Del'Aziz, 11 Bermondsey Sq, London SE1
Saturday 22 August 2009
It's the dog days of summer, you're stuck in London, the weather is humid, grumbly and headache-y, and no new independently owned restaurants are opening this month. You're starving and want to be transported, gastronomically speaking, from the English summer. You want to eat somewhere with a reek of charred flesh, an abrasive tang of roasted spices, a fume of bletted exotic fruits and the dirty, ashen feel of coffee grounds in tiny cups. You aren't quite sure which cuisine is calling you, but you know it's from somewhere between Marrakesh and Madagascar.
Right on cue, an envelope drops on your desk with hot news: Del'Aziz is opening in Bermondsey, the fifth in a chain of bar-restaurant-bakery-shops owned by the enterprising Shahrok and Zehra Parvin. Their shout-line is "Discover the magic of the Middle East on your doorstep", while a press release tempts you with a cornucopia of dishes from the "cuisines of North Africa and the eastern and central Mediterranean", all available in "London's newest and hippest district, Bermondsey Square" where diners can sit in a "striking al fresco area ... with twinkling lanterns, ideal for a romantic evening".
Talk about whetting my appetite. We don't often review chain restaurants in these pages (the noise, my dear – and the people) but this was irresistible. I seized a companion and raced to the street. "Take me," I cried to the cabbie, "to London's newest, hippest district, and step on it!"
Well that took a bit of straightening out. After he'd taken us, successively, to Shoreditch, Brick Lane and Hoxton, we finally arrived at Bermondsey Square, just off Tower Bridge Road.
The square is mind-bogglingly ghastly, a combination of the garish and the banal that would drive away any but the starving. One wall features the windows of the Bermondsey Square Hotel in its shocking neo-brutalist glory. Below is a tacky-looking bar/grill called Alfie's, the name announced in vast chrome lettering. Outside Del'Aziz, diners with hurricane lamps at their tables can watch the throng of shoppers queuing for ready-meals at the next-door Sainsburys. Overhead, spot-lights hang from a complex, criss-crossing structure of wires, like a tram junction in eastern Europe. It's all about as romantic as a junction-box.
Our cocktails took 20 minutes to arrive. My date's Sensual Roses, allegedly with vodka and lychee liqueur, was a tequila sunrise served on crushed ice like a Slush Puppy. I asked for something spicy to combat a cold, and was given a vodka-cranberry Sea Breeze with two slices of angry red chilli.
I don't really want to dwell on the food, because it was mostly as formulaic as the ready-meals counter next door: more-or-less-tasty mezze without, for a second, offering anything out of the ordinary. The house hummus was fresh and garlicky, the baba ganoush aubergine dip lumpy and not noticeably smoky, the grilled sardines with chermoula spices came and went without leaving a memory, the pastry "cigars" with apricots and cinnamon lamb were spring rolls, unpleasantly sweet but rescued by a yoghurt dip. From the charcoal grill, the Moroccan lamb fillet with cumin was an OK shish of tender pink lamb chunks, lightly charred and served on basmati rice. From the oven, a tagine of chicken with preserved lemon and olives was overcooked, the chicken dry and fibrous, undermined by a layer of too-sweet caramelised onions.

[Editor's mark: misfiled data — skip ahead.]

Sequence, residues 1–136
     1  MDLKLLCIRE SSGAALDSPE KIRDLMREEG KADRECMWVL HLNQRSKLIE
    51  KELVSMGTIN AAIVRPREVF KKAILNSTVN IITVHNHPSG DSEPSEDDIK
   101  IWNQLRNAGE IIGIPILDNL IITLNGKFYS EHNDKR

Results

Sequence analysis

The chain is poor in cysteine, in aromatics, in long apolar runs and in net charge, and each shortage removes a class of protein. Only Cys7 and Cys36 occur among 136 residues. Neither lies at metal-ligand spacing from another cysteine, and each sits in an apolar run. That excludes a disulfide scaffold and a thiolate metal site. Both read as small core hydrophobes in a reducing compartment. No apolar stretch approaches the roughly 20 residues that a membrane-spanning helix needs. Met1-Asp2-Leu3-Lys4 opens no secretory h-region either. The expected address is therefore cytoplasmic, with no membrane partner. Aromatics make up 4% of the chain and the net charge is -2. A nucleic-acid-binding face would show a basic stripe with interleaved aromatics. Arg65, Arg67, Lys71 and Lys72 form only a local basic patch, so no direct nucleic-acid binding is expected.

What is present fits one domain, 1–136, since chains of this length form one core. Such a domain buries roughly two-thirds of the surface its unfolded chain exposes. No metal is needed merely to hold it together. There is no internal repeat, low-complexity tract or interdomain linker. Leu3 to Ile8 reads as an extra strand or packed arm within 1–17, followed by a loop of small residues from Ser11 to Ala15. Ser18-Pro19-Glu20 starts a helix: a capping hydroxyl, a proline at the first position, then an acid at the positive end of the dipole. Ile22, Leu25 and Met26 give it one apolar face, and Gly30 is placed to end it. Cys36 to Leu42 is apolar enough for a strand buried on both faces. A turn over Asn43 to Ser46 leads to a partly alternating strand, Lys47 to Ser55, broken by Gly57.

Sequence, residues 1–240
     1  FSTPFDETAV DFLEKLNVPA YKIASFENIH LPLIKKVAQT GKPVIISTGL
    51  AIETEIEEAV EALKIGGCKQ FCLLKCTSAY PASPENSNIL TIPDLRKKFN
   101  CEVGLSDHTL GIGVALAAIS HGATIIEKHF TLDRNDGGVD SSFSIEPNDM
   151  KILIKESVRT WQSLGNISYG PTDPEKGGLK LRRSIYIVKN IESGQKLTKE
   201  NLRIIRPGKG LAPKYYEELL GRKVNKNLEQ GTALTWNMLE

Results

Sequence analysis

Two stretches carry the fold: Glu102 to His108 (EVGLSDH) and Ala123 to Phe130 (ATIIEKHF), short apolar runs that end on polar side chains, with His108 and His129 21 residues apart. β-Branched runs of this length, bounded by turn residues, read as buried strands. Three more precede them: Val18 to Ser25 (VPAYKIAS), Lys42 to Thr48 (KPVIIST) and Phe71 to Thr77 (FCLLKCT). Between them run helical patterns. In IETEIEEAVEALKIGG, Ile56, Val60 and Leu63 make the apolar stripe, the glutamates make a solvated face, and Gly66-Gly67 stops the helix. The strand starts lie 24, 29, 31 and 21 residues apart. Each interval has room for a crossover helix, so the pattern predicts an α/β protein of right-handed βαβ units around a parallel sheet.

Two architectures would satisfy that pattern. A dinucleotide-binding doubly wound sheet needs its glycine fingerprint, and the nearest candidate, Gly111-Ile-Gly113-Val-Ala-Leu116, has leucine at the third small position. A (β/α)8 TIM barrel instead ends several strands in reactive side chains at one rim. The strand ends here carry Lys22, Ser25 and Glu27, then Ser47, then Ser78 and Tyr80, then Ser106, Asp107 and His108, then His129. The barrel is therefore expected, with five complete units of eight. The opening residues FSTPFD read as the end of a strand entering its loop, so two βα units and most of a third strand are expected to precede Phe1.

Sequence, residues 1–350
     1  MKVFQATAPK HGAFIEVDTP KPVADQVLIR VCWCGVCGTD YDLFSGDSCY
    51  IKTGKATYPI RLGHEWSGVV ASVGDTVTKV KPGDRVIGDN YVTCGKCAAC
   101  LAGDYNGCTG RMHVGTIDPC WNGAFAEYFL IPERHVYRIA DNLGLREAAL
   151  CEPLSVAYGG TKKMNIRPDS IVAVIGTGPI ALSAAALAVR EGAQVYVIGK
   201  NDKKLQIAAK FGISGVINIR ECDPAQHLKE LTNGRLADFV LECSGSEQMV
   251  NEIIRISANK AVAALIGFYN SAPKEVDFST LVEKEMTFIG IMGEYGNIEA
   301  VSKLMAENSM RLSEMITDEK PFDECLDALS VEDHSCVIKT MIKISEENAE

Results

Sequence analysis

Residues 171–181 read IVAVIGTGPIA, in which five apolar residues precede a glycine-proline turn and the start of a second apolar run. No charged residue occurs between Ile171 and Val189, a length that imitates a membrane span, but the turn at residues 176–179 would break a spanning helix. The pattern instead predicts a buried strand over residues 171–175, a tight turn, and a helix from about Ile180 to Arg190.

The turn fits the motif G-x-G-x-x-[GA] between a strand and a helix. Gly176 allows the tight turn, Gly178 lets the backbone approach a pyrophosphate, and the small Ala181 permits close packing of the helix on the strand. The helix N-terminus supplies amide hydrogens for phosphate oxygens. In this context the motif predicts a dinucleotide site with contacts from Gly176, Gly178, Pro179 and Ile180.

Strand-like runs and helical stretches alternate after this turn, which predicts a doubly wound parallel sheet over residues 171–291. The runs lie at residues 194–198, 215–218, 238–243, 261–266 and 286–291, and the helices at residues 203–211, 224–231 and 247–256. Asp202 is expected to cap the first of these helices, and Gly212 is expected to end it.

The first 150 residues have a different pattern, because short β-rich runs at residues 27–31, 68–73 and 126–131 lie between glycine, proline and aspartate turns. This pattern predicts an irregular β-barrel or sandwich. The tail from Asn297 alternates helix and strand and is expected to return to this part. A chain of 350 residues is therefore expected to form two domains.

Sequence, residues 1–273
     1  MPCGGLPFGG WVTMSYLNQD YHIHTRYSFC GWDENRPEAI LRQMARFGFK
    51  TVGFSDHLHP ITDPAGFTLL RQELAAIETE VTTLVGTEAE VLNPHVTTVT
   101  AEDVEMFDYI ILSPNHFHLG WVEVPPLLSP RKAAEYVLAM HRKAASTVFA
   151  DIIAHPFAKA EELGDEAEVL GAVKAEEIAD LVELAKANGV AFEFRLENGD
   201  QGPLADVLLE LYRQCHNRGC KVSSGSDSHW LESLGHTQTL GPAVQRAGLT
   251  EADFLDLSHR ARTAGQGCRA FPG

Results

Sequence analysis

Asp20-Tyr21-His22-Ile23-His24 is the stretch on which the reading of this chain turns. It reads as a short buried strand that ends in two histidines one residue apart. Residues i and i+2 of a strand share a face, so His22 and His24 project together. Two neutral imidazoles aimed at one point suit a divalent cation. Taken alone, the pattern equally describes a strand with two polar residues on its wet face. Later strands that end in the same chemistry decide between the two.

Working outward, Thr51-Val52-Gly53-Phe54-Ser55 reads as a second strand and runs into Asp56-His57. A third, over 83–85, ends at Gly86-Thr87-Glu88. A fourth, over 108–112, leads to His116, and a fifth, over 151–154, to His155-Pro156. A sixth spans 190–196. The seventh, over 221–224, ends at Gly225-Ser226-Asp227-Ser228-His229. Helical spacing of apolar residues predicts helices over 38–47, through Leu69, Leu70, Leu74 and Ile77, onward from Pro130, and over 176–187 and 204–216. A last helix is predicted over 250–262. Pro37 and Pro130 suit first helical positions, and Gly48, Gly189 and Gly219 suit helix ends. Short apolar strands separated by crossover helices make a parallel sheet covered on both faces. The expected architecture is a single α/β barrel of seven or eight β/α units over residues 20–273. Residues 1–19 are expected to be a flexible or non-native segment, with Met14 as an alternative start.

It wasn't a meal to dwell over, except for one thing: the service. Our maitresse d' apologised for the cocktails and knocked them off the bill. The first waitress keenly recommended a wine and was upset when we didn't utterly love it. Our second waitress, a Turkish beauty, recommended places to go in Istanbul. They were all charming and enthusiastic beyond the call of duty. Feeling I should order a pudding (with a sinking heart), I followed the Turkish lady inside the main restaurant, where a different level of sophistication was apparent: blood-red walls, pink glass columns, a bar with ruched curtains and a mirror ceiling. Suddenly we were in the Del'Aziz bakery, and how one's spirits lifted at the sight of the home-made breads and gateaux and strawberry-flans.
I opted for almond tart and shared it, back at the al fresco tables. It was huge, squishy and excellent, the pastry moist, the surface a blissful congress of almonds, nuts and icing sugar. It was a blast of Mediterranean richness, home-made with love; it made me wonder – why bother serving so much generic mezze, when their puddings are so uniquely good?
I suspect the owners of Del'Aziz are trying to become Morocco's answer to Carluccio's, with its shop of goodies, its bakery and all-day fare, and they're trying to do too much. The food here isn't exciting enough to stand out from a thousand other mezze joints – but the excellence of their puddings might give them a clue about where to go in future.
Del'Aziz, 11 Bermondsey Sq, London SE1 (020-7407 2991)
About £70 for two with wine
Tipping policy: "Service charge is 12.5 per cent discretionary, of which 100 per cent goes to the staff; all tips go to the staff"
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